The Malory Towers series by Enid Blyton

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Enid Blyton is total comfort reading for me, even at thirty. They’re still likely to be the books I pull out when I’m not feeling well, when I don’t have the ability to concentrate on anything more grown-up but want to read nonetheless.

I have a lot of Enid Blyton books – although it’s but a tiny fraction of her total output – but I think my favourites were the Malory Towers books. I had five of them in the 1990 Armada covers, with everything contained in a big school badge shape on the cover but I had a very elderly copy of Second Form, which was falling apart and was later replaced with a nice sturdy but non-matching hardback. Not that I need three copies of the same children’s book but I’m suddenly tempted to see if I can get a matching paperback after all.

The reason I’ve chosen Malory Towers for today’s blog is that today I was talking to a friend about careers, about this concept of having a dream job, of knowing, always knowing, what you wanted to do and be. Neither of us have this. But I grew up reading Malory Towers and in boarding school books, any books of a similar nature, the children always have one particular talent that sticks out a mile, that makes it very obvious what career they will have (assuming they do go on to have one rather than become a Good 40s Housewife). Belinda is going to be an artist. Irene is going to be a composer. Darrell is going to be a writer. Bill and Clarissa are going to run a riding school. Amanda is going to be an athlete, or later, a PE teacher. I suppose I assumed that sooner or later it would become obvious what I was going to be good at and… it never really happened.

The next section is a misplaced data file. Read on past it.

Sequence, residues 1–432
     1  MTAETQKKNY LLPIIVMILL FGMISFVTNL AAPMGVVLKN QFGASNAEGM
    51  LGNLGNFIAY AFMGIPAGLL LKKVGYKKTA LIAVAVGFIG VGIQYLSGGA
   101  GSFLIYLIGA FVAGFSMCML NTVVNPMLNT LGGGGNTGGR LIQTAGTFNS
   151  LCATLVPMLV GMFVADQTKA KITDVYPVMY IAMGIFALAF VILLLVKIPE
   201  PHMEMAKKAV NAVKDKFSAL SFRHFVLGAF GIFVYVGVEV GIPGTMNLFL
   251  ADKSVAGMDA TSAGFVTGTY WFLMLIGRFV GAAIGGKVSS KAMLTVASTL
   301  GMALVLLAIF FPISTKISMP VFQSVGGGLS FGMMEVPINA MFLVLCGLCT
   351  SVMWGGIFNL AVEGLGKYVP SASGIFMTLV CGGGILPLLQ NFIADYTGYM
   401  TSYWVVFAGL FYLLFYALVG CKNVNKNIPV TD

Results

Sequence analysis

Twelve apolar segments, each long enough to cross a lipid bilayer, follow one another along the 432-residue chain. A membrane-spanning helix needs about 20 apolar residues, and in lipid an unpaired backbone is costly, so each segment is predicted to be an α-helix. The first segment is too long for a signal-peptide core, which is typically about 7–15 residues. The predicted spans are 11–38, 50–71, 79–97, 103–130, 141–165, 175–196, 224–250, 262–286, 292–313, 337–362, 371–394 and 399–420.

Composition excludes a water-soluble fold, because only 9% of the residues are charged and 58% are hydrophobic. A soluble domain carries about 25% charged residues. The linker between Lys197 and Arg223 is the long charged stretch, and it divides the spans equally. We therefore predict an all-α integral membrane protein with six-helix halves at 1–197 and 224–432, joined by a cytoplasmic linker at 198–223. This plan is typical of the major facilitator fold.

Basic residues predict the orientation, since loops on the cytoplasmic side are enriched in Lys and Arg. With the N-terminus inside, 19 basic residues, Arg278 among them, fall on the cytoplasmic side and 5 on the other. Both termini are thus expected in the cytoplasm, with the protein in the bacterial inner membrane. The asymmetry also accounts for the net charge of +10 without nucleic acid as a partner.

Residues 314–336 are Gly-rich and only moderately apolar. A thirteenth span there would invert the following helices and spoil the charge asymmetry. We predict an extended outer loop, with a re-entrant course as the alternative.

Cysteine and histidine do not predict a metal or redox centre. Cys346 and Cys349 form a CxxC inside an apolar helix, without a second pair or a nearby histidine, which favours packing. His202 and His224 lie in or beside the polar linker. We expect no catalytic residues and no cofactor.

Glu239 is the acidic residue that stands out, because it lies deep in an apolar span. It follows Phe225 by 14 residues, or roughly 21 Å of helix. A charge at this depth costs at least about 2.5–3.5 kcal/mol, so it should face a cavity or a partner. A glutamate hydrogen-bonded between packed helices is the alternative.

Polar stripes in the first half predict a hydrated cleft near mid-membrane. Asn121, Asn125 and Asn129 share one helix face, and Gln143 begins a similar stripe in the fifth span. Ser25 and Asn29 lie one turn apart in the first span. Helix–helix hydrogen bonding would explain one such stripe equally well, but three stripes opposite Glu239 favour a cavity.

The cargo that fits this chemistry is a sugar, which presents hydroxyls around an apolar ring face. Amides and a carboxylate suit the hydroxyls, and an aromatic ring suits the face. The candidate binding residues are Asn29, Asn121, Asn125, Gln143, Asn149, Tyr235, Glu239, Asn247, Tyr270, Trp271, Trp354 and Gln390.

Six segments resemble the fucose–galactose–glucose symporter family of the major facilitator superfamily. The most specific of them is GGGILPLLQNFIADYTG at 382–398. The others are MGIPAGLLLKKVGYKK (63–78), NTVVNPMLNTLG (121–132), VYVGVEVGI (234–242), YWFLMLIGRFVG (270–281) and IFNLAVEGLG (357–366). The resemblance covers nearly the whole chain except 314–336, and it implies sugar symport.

I tend to think of the Malory Towers books as very much of their time but actually, they’re surprisingly progressive for the Forties. I know there’s supposed to be about ten girls in each of four towers but the only girl from anything other than North Tower who gets more than about one line is Alicia’s friend Betty from West Tower and you lose huge chunks of the North Tower girls by the last book anyway – Emily and Violet both just vanish, Daphne goes pretty quiet, Mavis leaves after fifth form, I have no idea where Ruth or Maureen go, Connie gets left behind in the year below and Moira, Catherine, Jean, Ellen and Katherine are all disposed of by moving them up a form. So that leaves Darrell, Sally, Alicia, Betty, Mary-Lou, Gwen, Irene, Belinda, Bill, Clarissa, Amanda and Suzanne as just about the only girls left by sixth form and of those twelve, four of them go to university. Let’s leave aside the unlikeliness in 2016 of all the sixth-formers ending up at the same university – for a book published in 1951, a third of the female students going off to university is pretty impressive. Of the others, it’s really only Suzanne whose future is never mentioned. Gwen is stuck at home in a pretty miserable situation wished onto her as punishment and all the others have careers planned out. That’s actually really impressive considering it was much more common at the time to get married, have a couple of babies and keep house.

Of course, they’re very jolly-hockeysticks the rest of the time – there are a lot of hockey matches, lacrosse matches, tennis matches, lots of swimming in the natural pool (which I never pictured as “natural” so much as just an outdoor swimming pool. Now that I can picture it a bit better, ie the pool blasted out of Dancing Ledge, it seems incredibly dangerous), lots of playing tricks on the mistresses, plenty of midnight feasts and long walks and piano practice. As a kid, they never matched what real school was like for me – this was total fantasy, total escapism. I didn’t take them as a guide to school or to real life, I don’t think I “identified with” anyone and yet as an adult, I appreciate what they say about life for girls after school.

It would just be nice if I had a superpower like any of theirs.

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